Jacob McCoy Jacob McCoy - 3 months ago 11
C Question

libev loop uses 99% of the CPU while idle

So I have a program that runs an libev I/O loop and a timer loop. When the char array hits 7000 chars or the timer loop hits ten seconds its going to JSON POST a service running on localhost. The I/O loop is causing the program to use almost 100% CPU when it is idle.

This program requires an argv of either a 1 or a 0:


  • A 1 makes the program only process one line and exit.

  • A 0 makes it wait for input.



The error only happens when we pass it a 0 and have it wait for input.

#include <stdio.h>
#include <ev.h>
#include <curl/curl.h>
#include <json-c/json.h>
#include <unistd.h>

void curlPage(char url[], char message[]);
void io_callback(EV_P_ ev_io *w_, int rev);
void time_callback(EV_P_ ev_timer *w_, int rev);

struct watcher
{
ev_io stdin_watcher;
ev_timer time_watcher;
};

char lines[BUFSIZ];
char *argv1;
char url[1024] = "http://127.0.0.1:";
char *end;


int main(int argc, char *argv[]) {
struct ev_loop *loop;
struct watcher w;

if (!argv[1]) {
printf("YOU NEED A 1 OR 0 PARAMATER FOR THIS TO WORK!\n");
exit(0);
}
else {
end = argv[1];
}
argv1 = argv[2];

if (argv[3]) {
strcat(url, argv[3]);
}
else {
strcat(url, "8888");
}

loop = ev_default_loop(0);

ev_io_init(&w.stdin_watcher, io_callback, STDIN_FILENO, EV_READ);
ev_timer_init(&w.time_watcher, time_callback, 10, 0);
w.time_watcher.repeat=10;
ev_io_set(&w.stdin_watcher, STDIN_FILENO, EV_READ);
ev_io_start(loop, &w.stdin_watcher);
ev_timer_start(loop, &w.time_watcher);

ev_run(loop, 0);

return 0;
}

void time_callback(EV_P_ ev_timer *w_, int rev) {
if (strlen(lines)) {
curlPage(url, lines);
lines[0] = '\0';
}
return;
}

void io_callback(EV_P_ ev_io *w_, int rev) {
struct watcher *w = (struct watcher *)w_;

char buf[BUFSIZ];
char * resp;

resp = fgets(buf, sizeof buf, stdin);
if (resp != NULL) {
sprintf(lines, "%s %s", lines, buf);
}


if (strlen(lines) > 7000) {
curlPage(url, lines);
lines[0] = '\0';
}
if (strcmp(end, "1") == 0) {
ev_io_stop(loop, w_);
}
return;
}

void curlPage(char url[], char message[]) {
CURL *curl;
CURLcode res;
json_object * jsonObj = json_object_new_object();
char hostname[1024];

gethostname(hostname, 1024);
struct curl_slist * headers=NULL;
headers = curl_slist_append(headers, "Accept: application/json");
headers = curl_slist_append(headers, "Content-Type: application/json");
headers = curl_slist_append(headers, "charsets: utf-8");

curl = curl_easy_init();

if(curl) {

if (hostname) {
json_object *jstring2 = json_object_new_string(hostname);
json_object_object_add(jsonObj, "hostname", jstring2);
}
if (argv1) {
json_object *jstring3 = json_object_new_string(argv1);
json_object_object_add(jsonObj, "tag", jstring3);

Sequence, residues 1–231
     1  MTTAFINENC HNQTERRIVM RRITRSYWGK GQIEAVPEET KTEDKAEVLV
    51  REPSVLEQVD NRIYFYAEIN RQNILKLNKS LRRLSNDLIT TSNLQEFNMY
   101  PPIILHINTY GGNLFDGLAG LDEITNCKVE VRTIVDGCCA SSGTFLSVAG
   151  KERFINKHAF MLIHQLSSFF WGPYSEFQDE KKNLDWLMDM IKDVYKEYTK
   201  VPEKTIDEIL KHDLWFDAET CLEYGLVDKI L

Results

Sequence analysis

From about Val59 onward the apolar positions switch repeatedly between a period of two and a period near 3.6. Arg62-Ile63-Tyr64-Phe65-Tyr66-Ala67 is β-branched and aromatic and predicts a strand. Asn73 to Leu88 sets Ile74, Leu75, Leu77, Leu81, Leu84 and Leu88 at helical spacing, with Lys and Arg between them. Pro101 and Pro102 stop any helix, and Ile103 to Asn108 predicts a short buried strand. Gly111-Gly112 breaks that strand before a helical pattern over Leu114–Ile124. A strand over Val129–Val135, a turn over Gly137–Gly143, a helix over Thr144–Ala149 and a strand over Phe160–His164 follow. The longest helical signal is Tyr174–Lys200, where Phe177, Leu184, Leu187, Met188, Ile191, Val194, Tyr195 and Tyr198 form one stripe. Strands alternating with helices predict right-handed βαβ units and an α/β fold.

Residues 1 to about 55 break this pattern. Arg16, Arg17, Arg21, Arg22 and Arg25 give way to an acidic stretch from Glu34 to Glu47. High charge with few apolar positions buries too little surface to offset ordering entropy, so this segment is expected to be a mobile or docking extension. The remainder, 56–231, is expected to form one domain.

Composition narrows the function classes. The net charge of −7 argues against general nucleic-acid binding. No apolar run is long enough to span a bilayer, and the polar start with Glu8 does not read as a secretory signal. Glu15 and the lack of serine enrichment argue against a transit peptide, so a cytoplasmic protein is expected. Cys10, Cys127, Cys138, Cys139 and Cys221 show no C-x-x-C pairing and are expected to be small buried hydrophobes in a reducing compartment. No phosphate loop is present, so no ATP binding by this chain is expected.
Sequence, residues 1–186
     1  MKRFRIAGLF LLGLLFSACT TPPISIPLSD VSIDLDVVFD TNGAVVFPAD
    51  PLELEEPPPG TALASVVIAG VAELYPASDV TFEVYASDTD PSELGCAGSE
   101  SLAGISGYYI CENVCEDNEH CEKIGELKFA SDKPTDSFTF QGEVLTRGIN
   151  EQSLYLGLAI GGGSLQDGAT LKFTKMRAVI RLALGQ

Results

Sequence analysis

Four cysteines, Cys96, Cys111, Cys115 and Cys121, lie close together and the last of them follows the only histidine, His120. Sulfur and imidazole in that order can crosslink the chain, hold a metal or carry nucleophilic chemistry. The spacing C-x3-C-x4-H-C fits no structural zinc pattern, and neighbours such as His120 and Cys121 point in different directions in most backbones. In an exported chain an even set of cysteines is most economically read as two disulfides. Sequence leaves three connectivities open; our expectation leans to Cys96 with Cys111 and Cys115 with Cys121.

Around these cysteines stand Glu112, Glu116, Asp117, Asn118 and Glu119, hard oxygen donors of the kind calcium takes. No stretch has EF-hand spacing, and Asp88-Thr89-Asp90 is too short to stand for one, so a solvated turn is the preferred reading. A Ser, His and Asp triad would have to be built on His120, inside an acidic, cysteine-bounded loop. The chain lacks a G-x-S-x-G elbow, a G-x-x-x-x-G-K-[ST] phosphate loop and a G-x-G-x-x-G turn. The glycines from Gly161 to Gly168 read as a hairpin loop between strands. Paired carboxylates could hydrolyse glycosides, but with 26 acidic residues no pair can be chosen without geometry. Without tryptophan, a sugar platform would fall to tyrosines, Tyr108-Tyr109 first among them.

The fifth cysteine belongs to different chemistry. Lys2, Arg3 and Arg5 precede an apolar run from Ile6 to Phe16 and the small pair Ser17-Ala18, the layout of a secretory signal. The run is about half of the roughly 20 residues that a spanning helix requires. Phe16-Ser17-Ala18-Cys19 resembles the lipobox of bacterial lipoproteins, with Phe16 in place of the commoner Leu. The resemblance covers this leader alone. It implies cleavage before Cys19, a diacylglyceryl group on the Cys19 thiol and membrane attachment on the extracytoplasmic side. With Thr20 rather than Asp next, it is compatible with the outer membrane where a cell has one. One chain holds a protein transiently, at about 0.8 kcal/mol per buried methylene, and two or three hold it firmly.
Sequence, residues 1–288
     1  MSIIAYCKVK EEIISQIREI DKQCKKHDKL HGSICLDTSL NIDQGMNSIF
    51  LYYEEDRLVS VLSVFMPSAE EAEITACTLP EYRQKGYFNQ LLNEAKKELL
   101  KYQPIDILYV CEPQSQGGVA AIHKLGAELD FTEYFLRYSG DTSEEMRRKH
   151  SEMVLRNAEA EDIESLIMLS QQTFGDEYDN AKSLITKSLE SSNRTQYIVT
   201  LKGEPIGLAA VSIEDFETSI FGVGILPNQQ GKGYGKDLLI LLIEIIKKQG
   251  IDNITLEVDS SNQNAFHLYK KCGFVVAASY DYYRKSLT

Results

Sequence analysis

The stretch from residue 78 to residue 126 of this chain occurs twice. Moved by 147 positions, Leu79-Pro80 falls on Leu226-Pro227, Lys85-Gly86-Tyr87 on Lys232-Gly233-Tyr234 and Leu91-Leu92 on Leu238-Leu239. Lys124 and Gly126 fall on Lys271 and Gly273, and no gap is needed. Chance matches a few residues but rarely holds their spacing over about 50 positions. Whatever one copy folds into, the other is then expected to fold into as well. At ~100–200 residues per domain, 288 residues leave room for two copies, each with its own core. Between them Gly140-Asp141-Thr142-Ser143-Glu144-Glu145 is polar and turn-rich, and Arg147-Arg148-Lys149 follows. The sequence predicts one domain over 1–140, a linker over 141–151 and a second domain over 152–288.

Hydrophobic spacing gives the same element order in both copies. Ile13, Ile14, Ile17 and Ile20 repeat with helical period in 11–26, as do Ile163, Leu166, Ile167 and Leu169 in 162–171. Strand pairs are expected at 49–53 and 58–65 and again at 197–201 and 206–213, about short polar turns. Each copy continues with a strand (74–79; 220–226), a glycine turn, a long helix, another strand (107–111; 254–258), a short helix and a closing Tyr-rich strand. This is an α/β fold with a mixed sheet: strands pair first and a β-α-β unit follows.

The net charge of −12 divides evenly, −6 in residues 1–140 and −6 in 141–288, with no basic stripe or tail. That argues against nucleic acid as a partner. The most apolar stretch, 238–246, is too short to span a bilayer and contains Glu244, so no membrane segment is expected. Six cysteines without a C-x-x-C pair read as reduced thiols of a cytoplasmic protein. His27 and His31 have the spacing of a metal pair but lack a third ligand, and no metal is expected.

}

json_object *jstring = json_object_new_string(message);
json_object_object_add(jsonObj, "message", jstring);

curl_easy_setopt(curl, CURLOPT_CUSTOMREQUEST, "POST");
curl_easy_setopt(curl, CURLOPT_HTTPHEADER, headers);
curl_easy_setopt(curl, CURLOPT_URL, url);
curl_easy_setopt(curl, CURLOPT_POSTFIELDS, json_object_get_string(jsonObj));

res = curl_easy_perform(curl);

if(res != CURLE_OK) {
fprintf(stderr, "curl_easy_preform() failed: %s\n", curl_easy_strerror(res));
}
curl_easy_cleanup(curl);
}
curl_global_cleanup();
json_object_put(jsonObj);

// run only once.
if (strcmp(end, "1") == 0) {
exit(0);
}
return;
}


Here is the thread back trace and the stack print out:

bt and stack print out

So it appears like the I/O watcher gets continuous I/O events after the first event. It waits properly for the first event but after that consumes most of the CPU. I'm using it like this:

cat test.txt | logpush 0 &


perhaps the pipe is causing this condition?

So I wrote a test program that is just a simple libev I/O watcher:

#include <stdio.h>
#include <ev.h>
#include <unistd.h>

void io_callback(EV_P_ ev_io *w_, int rev);
void time_callback(EV_P_ ev_timer *w_, int rev);

char lines[BUFSIZ];

int main(int argc, char *argv[]) {
struct ev_loop *loop;
struct ev_io stdin_watcher;

loop = ev_default_loop(0);

ev_io_init(&stdin_watcher, io_callback, STDIN_FILENO, EV_READ);
ev_io_set(&stdin_watcher, STDIN_FILENO, EV_READ);
ev_io_start(loop, &stdin_watcher);

ev_run(loop, 0);

return 0;
}

void io_callback(EV_P_ ev_io *w_, int rev) {
printf("callback hit\n");
return;
}


The I/O callback gets hit hundreds of times a second even if there is no input if called with a pipe, like so:

cat test.txt | ./test &


This also happens when I pipe stdout of a process to my program.

This is the root cause of my issue.

Answer

This modification of the second snippet works on pipes (at least: cat event.c | ./a.out) . The problem seems to be not detecting EOF, and keep on hammering on the filedescriptor

#include <stdio.h>
#include <ev.h>
#include <unistd.h>

void io_callback(EV_P_ ev_io *w_, int rev);
void time_callback(EV_P_ ev_timer *w_, int rev);


struct ev_loop *loop; /* made this global, because needed by the callback at closing time */

int main(int argc, char *argv[]) {
    struct ev_io stdin_watcher;

    loop = ev_default_loop(0);

    ev_io_init(&stdin_watcher, io_callback, STDIN_FILENO, EV_READ);
    ev_io_set(&stdin_watcher, STDIN_FILENO, EV_READ);
    ev_io_start(loop, &stdin_watcher);

    // ev_run(loop, 0);
    ev_loop(loop, 0);

    return 0;
}

void io_callback(EV_P_ ev_io *w_, int rev) {
    int rc;
    char ch;

        /* replaced fgets() by read() */
    rc = read(STDIN_FILENO, &ch, 1);

        /* diagnostic output should go to stderr */
    fprintf(stderr, "Callback hit, rc=%d, ch = %02x\n"
        , rc, ch & 0xff
        );
    if (rc == 0) ev_io_stop(loop, w_);
    return;
}

-- and for testing you could use the below program and pipe its output through the binary, like: sh loop.sh | ./a.out

#!/bin/sh
while true; do
        date
        sleep 5
done
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